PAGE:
Drivers of motorized vehicles aren't used to seeing cyclists on the road in Greater Sudbury. While it may take a bit longer, you might want to look at using routes that don't involve major arteries. Be extra vigilant when riding in the winter - conditions will likely be more challenging than in the seasons with no snow, snow banks will obstruct your and motorists' views, and you'll likely not be able to ride as fast as you would when there's no snow on the road.
A note that riding on sidewalks is prohibited here, unless you are riding a bike that has a wheelsize of 50 cm or less (20 inch wheels). That is meant to allow children to bike on sidewalks.
A note also that cycling infrastructure like bike lanes, cycle tracks, trails, and multi-use paths are not maintained by the City of Greater Sudbury during the winter months.
Do the bright thing!
Winter days are shorter and darker. It's important that you can see and be seen on the road. Having a front and rear light is essential, and you can be ticketed under the Highway Traffic Act (see part IV: Equipment) if you don't have them. It’s a good idea to use your lights in dim conditions, even if it is the middle of the day.
- The law requires you to use lights from a half hour before dusk until a half hour after dawn. However, many people choose to use lights at all times to increase their visibility on the road.
- Your front light should be white or amber and your rear light should be red.
- Point your lights slightly down so that they illuminate the road in front of and behind you. If your lights are aimed up they make it hard for other people to see.
- No evidence identifies solid or flashing lights as being better for visibility. However, you should make sure your lights don’t flash rapidly. Lights that flash more than three times per second can trigger seizures in some people with photosensitive epilepsy.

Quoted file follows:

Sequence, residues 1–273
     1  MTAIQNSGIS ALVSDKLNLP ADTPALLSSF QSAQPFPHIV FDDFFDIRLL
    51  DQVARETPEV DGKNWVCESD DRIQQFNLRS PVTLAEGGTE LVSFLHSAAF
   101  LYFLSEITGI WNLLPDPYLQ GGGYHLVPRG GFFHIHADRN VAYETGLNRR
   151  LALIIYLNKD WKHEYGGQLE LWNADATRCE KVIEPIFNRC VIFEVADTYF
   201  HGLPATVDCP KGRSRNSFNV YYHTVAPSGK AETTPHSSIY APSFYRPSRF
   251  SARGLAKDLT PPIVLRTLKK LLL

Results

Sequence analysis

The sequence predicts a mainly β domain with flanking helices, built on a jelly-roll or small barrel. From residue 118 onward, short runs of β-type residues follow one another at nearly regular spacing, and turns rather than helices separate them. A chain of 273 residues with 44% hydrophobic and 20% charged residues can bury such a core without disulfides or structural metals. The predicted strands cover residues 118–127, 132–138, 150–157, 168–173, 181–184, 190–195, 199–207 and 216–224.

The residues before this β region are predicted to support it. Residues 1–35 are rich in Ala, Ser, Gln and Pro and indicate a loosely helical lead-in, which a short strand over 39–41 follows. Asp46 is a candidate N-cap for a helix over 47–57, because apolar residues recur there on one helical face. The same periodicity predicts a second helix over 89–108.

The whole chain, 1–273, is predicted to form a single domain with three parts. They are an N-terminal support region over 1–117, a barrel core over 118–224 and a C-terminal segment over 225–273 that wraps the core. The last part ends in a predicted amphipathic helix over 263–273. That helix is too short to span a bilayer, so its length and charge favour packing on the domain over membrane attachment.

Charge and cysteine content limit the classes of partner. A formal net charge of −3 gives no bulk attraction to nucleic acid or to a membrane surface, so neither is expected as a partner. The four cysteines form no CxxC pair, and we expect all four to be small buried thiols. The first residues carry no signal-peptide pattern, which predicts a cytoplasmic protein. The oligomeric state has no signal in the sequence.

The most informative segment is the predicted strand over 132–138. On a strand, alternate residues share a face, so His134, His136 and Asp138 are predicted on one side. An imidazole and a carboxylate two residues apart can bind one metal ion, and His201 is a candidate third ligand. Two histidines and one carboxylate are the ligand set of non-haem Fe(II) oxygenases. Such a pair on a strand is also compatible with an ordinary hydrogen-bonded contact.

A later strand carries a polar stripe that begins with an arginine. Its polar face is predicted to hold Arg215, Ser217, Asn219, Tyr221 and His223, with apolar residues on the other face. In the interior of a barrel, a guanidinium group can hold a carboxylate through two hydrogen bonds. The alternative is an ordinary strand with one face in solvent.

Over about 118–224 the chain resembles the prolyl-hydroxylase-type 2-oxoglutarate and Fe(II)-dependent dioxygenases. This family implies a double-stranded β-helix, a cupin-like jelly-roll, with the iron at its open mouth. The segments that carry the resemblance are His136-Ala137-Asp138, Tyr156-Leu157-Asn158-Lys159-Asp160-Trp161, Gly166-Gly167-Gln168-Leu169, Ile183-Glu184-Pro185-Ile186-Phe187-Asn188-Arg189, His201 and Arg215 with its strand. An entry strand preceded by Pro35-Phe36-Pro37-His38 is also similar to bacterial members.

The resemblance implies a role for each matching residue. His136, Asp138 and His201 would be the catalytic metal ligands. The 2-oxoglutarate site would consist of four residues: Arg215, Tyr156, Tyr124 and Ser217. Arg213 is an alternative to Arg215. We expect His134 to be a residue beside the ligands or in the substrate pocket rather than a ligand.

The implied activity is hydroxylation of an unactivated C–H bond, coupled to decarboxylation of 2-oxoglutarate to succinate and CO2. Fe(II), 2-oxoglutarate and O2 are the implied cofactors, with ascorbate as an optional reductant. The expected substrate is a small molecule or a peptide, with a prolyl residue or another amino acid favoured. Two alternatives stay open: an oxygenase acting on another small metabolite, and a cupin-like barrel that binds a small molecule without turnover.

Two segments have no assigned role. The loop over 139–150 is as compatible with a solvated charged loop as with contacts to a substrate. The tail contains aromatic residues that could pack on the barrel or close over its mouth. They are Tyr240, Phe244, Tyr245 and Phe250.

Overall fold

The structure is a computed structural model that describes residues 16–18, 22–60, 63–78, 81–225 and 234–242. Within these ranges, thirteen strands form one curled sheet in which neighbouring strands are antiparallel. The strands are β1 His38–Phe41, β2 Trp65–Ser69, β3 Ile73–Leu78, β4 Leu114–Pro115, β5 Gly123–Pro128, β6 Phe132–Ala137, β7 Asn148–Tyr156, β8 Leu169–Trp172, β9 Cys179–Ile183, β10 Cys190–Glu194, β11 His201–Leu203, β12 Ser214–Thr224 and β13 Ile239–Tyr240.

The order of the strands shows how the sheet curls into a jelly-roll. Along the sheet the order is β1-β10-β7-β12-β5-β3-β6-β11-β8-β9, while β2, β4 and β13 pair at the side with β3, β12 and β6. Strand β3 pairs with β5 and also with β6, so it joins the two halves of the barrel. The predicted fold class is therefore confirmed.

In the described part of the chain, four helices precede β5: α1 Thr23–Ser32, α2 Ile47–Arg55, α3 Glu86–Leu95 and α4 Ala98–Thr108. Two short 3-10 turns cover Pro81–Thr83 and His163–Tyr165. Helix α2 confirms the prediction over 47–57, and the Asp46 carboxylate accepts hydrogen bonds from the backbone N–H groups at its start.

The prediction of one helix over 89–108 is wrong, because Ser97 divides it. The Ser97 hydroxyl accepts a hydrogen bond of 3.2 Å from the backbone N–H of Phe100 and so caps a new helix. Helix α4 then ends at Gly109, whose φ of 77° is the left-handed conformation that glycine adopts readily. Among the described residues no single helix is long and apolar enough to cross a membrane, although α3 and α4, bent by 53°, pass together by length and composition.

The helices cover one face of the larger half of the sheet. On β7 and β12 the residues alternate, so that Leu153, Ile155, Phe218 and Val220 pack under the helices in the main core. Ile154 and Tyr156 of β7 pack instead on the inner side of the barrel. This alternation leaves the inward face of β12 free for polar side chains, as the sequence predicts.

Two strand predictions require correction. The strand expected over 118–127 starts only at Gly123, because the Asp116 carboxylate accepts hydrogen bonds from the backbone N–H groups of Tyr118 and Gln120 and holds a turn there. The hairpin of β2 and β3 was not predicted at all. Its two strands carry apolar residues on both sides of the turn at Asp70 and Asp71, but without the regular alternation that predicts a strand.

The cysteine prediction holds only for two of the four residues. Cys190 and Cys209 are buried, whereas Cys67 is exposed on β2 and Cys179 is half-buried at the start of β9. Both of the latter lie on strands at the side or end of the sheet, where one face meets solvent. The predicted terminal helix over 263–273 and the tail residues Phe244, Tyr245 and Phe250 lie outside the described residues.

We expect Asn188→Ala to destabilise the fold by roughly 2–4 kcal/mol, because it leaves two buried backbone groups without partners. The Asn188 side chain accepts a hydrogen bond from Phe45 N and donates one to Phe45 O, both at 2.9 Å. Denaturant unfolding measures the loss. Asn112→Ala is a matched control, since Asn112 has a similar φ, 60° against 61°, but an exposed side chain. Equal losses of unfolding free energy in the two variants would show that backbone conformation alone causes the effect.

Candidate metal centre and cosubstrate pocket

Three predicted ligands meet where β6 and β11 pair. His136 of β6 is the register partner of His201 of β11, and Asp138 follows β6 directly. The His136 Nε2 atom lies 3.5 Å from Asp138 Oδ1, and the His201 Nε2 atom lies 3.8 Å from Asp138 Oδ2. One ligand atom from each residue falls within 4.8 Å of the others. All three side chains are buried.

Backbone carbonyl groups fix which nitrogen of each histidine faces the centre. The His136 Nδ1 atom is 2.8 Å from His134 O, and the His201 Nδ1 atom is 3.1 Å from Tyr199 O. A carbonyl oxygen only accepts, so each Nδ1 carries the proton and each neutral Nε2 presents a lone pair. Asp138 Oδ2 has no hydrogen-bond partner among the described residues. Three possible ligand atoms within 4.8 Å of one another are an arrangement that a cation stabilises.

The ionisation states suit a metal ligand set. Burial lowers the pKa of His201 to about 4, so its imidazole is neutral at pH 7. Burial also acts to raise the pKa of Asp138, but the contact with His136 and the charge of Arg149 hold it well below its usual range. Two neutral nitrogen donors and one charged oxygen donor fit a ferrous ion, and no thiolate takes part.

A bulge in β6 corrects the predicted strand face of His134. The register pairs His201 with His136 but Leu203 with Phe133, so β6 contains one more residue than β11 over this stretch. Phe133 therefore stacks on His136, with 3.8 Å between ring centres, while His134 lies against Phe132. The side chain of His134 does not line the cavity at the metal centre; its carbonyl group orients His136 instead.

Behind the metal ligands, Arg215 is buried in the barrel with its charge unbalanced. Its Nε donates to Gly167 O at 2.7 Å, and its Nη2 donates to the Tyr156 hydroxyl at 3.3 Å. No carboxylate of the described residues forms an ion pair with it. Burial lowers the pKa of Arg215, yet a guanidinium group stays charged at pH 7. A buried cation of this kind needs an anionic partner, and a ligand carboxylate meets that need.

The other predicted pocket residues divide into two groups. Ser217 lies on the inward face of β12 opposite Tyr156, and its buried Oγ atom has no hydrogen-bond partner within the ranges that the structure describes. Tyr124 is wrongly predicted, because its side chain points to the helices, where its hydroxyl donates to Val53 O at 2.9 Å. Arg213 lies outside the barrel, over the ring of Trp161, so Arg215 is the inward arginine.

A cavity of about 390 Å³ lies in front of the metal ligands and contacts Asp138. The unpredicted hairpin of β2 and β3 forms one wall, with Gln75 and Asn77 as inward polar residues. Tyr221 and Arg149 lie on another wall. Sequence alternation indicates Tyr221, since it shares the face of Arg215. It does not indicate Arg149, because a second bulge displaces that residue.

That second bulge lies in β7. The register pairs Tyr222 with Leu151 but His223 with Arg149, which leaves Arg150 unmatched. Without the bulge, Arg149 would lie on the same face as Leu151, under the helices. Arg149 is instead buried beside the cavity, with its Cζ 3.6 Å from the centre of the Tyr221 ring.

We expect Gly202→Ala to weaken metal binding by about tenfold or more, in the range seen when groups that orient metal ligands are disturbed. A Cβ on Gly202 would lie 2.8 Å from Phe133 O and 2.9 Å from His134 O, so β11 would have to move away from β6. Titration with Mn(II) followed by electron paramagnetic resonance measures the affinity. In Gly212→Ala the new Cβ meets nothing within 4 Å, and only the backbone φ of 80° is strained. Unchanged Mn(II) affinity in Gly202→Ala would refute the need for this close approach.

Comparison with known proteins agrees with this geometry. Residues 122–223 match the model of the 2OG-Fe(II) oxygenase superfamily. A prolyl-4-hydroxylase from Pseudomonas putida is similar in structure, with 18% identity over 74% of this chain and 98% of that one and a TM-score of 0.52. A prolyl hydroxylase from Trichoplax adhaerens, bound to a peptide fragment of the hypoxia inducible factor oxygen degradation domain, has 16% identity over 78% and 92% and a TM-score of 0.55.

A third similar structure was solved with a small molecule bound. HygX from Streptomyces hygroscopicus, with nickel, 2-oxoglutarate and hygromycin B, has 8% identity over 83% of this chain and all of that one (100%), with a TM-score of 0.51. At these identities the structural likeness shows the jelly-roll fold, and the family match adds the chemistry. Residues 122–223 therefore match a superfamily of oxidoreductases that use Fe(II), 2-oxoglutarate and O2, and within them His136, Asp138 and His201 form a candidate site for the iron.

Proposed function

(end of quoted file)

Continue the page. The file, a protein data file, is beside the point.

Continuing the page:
- Even having the cheapest, dimmest lights make you more visible than riding with none at all. You can tell how bright your lights are by the lumens listed on the package. The higher the number the brighter it is, but keep in mind that very bright lights can make it harder for other people to see. If you regularly ride on unlit trails, opt for a light with a higher lumen count, as there may not be any overhead lights or ambient lights from nearby buildings.
- Reflective strips are legally required for your bike: white strips should be placed on your front fork and red strips on your seat stays in the rear.
- Using only a red reflector instead of a light for your rear is legal but a working red light is highly recommended. Reflective material is great for making you more visible, but it isn’t an equal replacement for lights.
Adjust your road riding
There are a few things you can do while riding which can help you stay safe:
- Shift regularly to help clear your chain of snow build up.
- Reduce your tire pressure for increased stability due to more tire contact with the road.
- Take it slow and brake early. It will likely take you longer to get where you're going when there's snow on the road, so leave some extra time.
- Avoid riding over piles of snow. Do a head check and use hand signals to indicate to passing motor vehicles and other riders where you're going.
- Take your water bottle inside so it doesn't freeze! Better yet, take a small thermos and have a sip of warm coffee or tea on your trip.
- Try to avoid swerving and ride in a straight line.
- There are some times when, in the interest of safety, it can be best to leave your bike and take transit. If you get caught in a snowstorm or feel uncomfortable riding in certain conditions, all buses in Greater Sudbury have bike racks that are left on in the winter.